Special counsel Robert Mueller blundered when he failed to issue any charges for illegal coordination between members of the Donald Trump campaign and Russia. As a result, Trump has so far been able to get away with “collusion,” according to a Fordham University law professor who published a detailed inventory Wednesday on The Daily Beast. He claims to detail what he says were Mueller’s errors made in the special counsel’s report.
Even since the redacted report’s public release on April 18, “commentators have implored everyone to just read the report,” wrote law professor Jed Shugerman.
“The problem is not who is reading it — the problem is the report itself, and its many errors.”
The initial order from Deputy Attorney General Rod Rosenstein, which remains accessible online via Justice.gov, gives Mueller broad authority to investigate “any links and/or coordination” between the Trump campaign and Russia.
In his report, readable online courtesy of The New York Times, Mueller says that he defined “coordination” as “requiring an agreement — tacit or express.” Because he could find no such “agreement,” Mueller said that he had “insufficient evidence” to charge anyone in the Trump campaign with illegal coordination.
According to Shugerman, that was Mueller’s first inexplicable mistake. In fact, 17 years ago, Congress passed a law directly contradicting Mueller’s interpretation.
The “Bipartisan Campaign Reform Act of 2002,” posted online via Congress.gov, explicitly states that the Federal Election Commission is prohibited from “requiring agreement or formal collaboration to establish coordination.”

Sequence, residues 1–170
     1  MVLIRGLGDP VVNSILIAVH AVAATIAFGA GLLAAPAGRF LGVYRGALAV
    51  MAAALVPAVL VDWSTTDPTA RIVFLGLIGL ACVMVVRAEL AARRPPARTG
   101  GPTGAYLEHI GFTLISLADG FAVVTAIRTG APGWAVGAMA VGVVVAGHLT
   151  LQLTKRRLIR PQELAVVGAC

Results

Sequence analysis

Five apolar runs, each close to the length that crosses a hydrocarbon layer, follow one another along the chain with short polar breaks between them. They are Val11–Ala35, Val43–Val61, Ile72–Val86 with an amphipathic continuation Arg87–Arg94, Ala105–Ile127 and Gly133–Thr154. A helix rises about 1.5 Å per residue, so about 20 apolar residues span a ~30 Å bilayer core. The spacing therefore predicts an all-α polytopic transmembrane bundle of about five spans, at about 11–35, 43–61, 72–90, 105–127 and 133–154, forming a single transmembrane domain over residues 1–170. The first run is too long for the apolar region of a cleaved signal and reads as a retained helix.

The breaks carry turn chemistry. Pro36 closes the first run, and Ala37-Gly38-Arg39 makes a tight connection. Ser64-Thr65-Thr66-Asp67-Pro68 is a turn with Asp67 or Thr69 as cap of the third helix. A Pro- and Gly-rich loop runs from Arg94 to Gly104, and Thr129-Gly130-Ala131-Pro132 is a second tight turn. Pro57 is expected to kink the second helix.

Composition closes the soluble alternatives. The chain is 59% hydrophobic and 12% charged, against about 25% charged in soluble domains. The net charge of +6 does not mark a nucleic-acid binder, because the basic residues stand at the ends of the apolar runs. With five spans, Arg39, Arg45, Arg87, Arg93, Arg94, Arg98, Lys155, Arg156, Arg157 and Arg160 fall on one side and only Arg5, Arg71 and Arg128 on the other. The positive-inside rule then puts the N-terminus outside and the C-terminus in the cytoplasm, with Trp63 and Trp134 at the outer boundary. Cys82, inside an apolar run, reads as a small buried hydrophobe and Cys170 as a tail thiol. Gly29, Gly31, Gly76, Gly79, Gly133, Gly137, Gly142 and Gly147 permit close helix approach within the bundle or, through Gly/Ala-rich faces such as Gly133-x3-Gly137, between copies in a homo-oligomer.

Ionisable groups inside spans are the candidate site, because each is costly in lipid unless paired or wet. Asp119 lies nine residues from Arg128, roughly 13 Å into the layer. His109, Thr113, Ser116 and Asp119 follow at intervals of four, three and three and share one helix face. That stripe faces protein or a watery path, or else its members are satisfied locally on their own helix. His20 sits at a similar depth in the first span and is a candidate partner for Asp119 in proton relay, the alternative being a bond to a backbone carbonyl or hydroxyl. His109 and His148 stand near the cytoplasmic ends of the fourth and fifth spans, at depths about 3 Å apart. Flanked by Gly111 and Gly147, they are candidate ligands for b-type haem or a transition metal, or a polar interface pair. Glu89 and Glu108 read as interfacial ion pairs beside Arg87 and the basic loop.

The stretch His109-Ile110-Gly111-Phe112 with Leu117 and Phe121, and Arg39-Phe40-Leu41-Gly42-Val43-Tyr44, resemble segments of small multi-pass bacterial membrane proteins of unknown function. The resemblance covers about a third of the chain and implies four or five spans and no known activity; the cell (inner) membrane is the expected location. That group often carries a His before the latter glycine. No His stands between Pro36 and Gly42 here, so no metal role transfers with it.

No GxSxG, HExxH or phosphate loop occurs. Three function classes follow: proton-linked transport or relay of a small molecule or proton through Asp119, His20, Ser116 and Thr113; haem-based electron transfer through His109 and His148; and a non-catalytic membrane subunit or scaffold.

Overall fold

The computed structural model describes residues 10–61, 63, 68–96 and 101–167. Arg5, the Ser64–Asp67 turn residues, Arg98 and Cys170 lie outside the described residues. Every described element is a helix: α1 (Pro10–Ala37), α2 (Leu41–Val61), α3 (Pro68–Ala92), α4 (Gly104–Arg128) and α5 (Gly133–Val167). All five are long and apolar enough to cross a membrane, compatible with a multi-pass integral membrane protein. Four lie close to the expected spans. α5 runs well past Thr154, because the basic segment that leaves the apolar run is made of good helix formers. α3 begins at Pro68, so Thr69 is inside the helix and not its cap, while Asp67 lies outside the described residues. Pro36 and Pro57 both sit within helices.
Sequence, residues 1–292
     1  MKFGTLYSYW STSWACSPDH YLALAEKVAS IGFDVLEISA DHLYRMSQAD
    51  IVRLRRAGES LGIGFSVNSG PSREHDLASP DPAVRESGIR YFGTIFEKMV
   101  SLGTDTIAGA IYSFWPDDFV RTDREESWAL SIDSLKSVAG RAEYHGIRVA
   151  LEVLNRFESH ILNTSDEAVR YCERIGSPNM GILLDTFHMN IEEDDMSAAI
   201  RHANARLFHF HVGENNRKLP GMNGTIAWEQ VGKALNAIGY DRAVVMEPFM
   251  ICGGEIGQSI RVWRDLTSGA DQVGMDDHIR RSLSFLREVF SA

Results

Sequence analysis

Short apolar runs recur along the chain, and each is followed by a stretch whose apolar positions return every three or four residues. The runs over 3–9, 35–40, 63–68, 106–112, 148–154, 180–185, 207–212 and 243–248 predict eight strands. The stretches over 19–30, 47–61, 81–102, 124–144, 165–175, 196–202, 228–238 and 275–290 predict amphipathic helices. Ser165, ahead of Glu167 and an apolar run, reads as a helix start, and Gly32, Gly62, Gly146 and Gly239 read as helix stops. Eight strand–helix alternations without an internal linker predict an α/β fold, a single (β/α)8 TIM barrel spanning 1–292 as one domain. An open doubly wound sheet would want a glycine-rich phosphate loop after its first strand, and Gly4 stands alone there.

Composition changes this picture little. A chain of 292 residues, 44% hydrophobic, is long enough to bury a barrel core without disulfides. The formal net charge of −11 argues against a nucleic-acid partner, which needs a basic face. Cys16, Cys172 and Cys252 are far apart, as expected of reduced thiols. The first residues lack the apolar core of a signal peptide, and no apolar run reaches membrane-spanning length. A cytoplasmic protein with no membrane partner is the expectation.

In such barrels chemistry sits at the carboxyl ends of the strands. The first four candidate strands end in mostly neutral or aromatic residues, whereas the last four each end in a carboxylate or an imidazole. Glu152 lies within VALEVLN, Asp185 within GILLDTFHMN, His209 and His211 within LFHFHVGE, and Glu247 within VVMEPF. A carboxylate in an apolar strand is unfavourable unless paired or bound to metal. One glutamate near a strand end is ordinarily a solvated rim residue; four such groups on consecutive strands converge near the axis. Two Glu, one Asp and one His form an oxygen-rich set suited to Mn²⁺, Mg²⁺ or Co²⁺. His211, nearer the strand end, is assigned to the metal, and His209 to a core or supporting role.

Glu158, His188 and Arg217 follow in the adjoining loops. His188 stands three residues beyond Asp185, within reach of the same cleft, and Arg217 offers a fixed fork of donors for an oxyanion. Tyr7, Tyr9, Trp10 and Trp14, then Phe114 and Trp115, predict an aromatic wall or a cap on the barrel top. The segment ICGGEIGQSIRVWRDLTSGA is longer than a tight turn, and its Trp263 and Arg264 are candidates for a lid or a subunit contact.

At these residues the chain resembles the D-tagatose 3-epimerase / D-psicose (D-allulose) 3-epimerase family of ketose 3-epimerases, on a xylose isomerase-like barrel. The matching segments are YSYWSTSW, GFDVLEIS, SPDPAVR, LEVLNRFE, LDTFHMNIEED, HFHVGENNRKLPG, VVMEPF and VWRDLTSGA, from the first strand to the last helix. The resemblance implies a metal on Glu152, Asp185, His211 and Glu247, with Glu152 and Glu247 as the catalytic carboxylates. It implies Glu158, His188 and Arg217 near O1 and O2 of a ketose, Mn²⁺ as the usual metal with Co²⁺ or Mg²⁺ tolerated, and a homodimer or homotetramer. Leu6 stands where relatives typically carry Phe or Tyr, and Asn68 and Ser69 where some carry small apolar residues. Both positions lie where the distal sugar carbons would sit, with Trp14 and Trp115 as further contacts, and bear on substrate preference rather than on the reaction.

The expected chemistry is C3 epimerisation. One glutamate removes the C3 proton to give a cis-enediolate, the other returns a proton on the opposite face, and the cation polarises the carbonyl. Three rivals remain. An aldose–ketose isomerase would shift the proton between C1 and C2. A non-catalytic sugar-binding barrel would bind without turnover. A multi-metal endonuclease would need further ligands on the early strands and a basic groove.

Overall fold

So why did Mueller make such an obvious mistake?
“It seems Mueller did not hire any legal experts with experience in campaign finance regulation,” Shugerman wrote, calling that failure “a revealing oversight with serious consequences.”
One of the clearest examples of “coordination,” according to Shugerman, was Manafort’s sharing of significant quantities of internal campaign polling data from key swing states — such as Wisconsin, Pennsylvania, Michigan, and Minnesota — with Konstantin Kilimnik, who, according to Vol. 1, Page 6 of the Mueller report, has “ties to Russian intelligence.”
Yet Mueller — in a statement (Vol. 1, Page 30) that Shugerman describes as “dumbfounding” — claims that he “could not reliably determine Manafort’s purpose in sharing internal polling data with Kilimnik during the campaign.” In fact, Mueller appears to accept Manafort’s own explanation, that sharing the polling data would somehow be “good for business,” and was unrelated to the campaign.
By uncritically swallowing that story from Manafort — whom Mueller himself had accused of lying, an accusation upheld by a federal judge, according to The Washington Post — Mueller “bends over backward to a known liar” to absolve Manafort of illegal campaign coordination, Shugerman wrote.
Mueller, as The Inquisitr reported, is scheduled to testify to Congress next Wednesday on July 17. Shugerman concludes his column in The Daily Beast by urging House members questioning Mueller to grill him on why he made those errors.